• Blurred vision.

  • Diminished vision over time

  • Red or bloodshot eyes.

  • Watery or teary eyes.

  • Increased pus discharge from your eyes.

These symptoms can indicate a variety of illnesses. That is why, if you are experiencing these symptoms, you should consult an eye care specialist.


What factors can cause corneal disease?

Some of the underlying factors that can cause the corneal infection are:

  • Bacterial, viral, or fungal infection can lead to damage to the cornea.

  • Improper usage of the contact lens including poor hygiene and extended wear.

  • Allergic reactions in the eye.

  • Genetic or heredity.

  • Refractive and complicated eye surgeries.

  • Exposure to chemicals.

  • Improper diet or lack of nutrition.


Treatments for Corneal Disorders

We specialize in evaluating and treating a wide range of eye conditions, including corneal ulcers, keratoconus, ocular trauma, chemical injuries, surface disorders such as dry eye, and ocular surface squamous neoplasia (OSSN), which includes tumors on both the conjunctival and corneal surfaces. Our primary goal is to provide complete examination and management for various vision-related disorders.

In addition to the corneal examination, we also provide major surgery to rectify corneal disorders such as

Refractive Surgeries

  • Bladeless LASIK (FEMTO LASIK)

  • Traditional (blade) LASIK

  • Trans PRK (No Touch Advanced Surface Ablation)

  • Phakic IOLS (ICL, IPCL)

  • Phototherapeutic Keratectomy

Corneal Transplantation

  • Full-thickness (PK)

  • Partial-thickness (DALK, DSEK, DMEK)

Ocular Surface Reconstruction

  • Mucous Membrane grafting (MMG)

  • Amniotic Membrane Transplantation (AMT)

  • Simple Limbal Epithelial Transplant (SLET)

  • Treatment for Symblepharon

  • Excision and surface reconstruction for OSSN (Ocular Surface Squamous Neoplasia)

  • Corneoscleral Tear Repairs


How to Prevent Corneal Disease?

Certain types of genetic disorders cannot be prevented but they can be constrained to a certain amount by following the underlying guidelines:

  • Use protective eye gear while working with chemicals or other hazardous products.

  • Follow proper guidelines and hygiene while wearing the contact lens.

  • Avoid sleeping with contact lenses, even though it is labelled with extended wear.

  • Do not share your eye makeup to combat the infection.

  • Be gentle while rubbing your eyes, as excessive rubbing can lead to corneal abrasions or irritation.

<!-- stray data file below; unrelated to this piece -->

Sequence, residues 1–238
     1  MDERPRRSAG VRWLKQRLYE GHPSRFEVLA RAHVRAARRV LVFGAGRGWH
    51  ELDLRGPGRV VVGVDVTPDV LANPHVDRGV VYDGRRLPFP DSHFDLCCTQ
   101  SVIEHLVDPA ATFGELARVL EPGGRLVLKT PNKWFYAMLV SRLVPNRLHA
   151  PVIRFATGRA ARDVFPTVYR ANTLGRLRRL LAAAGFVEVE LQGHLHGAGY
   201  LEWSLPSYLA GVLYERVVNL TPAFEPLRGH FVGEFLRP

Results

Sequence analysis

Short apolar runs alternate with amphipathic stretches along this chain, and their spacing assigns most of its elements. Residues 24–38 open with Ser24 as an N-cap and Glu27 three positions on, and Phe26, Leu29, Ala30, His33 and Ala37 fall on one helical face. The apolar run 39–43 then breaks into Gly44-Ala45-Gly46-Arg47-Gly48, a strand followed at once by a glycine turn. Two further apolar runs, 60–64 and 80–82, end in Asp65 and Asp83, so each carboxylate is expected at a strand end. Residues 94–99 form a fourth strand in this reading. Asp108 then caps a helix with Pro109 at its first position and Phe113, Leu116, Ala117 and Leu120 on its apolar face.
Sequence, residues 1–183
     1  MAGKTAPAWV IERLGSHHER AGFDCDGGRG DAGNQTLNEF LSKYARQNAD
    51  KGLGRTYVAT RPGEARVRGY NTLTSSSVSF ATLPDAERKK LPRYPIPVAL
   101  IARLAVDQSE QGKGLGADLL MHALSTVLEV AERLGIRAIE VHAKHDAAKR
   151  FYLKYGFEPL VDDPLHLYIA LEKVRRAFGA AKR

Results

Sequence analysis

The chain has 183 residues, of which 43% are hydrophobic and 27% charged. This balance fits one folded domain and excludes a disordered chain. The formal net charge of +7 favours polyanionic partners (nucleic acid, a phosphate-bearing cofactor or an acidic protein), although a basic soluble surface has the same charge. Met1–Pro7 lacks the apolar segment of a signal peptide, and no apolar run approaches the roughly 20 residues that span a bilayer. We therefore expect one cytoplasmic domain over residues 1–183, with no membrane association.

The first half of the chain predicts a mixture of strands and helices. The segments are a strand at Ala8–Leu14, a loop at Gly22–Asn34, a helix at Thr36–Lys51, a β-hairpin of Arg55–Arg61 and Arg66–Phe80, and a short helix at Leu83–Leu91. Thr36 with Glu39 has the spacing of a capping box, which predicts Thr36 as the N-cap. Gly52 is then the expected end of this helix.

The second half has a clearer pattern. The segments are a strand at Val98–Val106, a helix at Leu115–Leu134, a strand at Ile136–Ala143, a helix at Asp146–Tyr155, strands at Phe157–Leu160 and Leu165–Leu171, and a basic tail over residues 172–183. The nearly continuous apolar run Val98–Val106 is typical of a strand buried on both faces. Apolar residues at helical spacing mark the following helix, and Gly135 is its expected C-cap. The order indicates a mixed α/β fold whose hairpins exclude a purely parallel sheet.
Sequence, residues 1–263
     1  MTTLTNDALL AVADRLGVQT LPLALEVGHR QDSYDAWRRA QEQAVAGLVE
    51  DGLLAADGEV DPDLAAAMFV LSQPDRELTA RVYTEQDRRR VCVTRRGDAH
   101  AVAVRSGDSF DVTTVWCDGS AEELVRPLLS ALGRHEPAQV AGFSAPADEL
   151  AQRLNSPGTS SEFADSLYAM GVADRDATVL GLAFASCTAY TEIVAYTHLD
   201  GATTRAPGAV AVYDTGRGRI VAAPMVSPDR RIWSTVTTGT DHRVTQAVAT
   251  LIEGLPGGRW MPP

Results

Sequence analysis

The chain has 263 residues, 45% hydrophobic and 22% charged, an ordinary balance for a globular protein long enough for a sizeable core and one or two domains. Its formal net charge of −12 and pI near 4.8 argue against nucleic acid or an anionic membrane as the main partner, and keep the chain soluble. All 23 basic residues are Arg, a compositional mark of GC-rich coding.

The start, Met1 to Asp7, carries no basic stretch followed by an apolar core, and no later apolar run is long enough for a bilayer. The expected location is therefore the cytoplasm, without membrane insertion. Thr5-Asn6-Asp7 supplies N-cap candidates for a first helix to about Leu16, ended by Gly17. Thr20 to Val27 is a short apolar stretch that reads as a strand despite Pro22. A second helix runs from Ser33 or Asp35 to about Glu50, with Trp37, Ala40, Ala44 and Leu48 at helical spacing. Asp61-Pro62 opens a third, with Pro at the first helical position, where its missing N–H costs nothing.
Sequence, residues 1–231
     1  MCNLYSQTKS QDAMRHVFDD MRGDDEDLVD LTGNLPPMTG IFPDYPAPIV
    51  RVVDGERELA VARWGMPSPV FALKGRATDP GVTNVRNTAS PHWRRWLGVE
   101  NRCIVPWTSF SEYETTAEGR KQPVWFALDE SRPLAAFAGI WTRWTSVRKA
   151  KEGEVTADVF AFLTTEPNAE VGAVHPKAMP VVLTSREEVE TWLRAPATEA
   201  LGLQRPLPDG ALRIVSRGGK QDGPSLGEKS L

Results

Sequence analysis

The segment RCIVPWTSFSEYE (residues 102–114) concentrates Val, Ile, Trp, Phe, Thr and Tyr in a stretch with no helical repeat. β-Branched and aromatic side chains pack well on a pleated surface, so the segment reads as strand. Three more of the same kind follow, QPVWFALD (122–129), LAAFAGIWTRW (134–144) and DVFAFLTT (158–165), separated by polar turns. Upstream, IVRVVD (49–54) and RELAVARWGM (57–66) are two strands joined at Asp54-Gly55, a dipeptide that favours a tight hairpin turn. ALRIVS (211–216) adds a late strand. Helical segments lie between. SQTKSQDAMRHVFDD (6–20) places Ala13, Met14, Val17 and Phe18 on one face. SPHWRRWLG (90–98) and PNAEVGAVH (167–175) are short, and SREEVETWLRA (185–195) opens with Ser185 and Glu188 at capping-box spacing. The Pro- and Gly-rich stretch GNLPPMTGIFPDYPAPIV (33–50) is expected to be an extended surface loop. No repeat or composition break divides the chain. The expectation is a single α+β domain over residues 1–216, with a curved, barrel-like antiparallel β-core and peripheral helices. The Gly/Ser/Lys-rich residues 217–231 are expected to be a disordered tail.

• Stay hydrated to produce a proper amount of tear to get better corneal health.

  • Cultivate a good sleeping habit to give your eye proper rest.

The cornea is an important part of our eye. Any problem generated in the cornea can cause trouble to eye health. MM Joshi Eye Institute, Hubli is one of the best eye care hospitals that provides the best healthcare and helps to maintain a healthy eye for clear vision.


  • What are the common diseases of the cornea?

    Keratitis is one of the common diseases of the cornea. Some more corneal disorders include Corneal Dystrophies, Corneal Abrasions, Keratoconus, and Keratoconjunctivitis.

  • Where is the cornea located?

    The cornea is located at the front of the eye and covers the pupil and iris. It functions as a transparent, protective “window” that enables light into the eye, assisting in the focus of incoming light onto the retina at the back of the eye.

  • What is the size of the cornea?

    When viewed from the front, the cornea is typically 12 millimeters (mm) wide horizontally and 11 mm wide vertically. When viewed from behind, however, it appears spherical with a continuous diameter of approximately 11.7 mm. In comparison, the cornea is roughly two-thirds the size of a dime.

  • Can you see without a cornea?

    The cornea plays a crucial role in vision. Though it is a transparent structure covering the eye two-thirds of the eye focussing is done with the help of cornea. Therefore, it would not be possible for one to see without a cornea.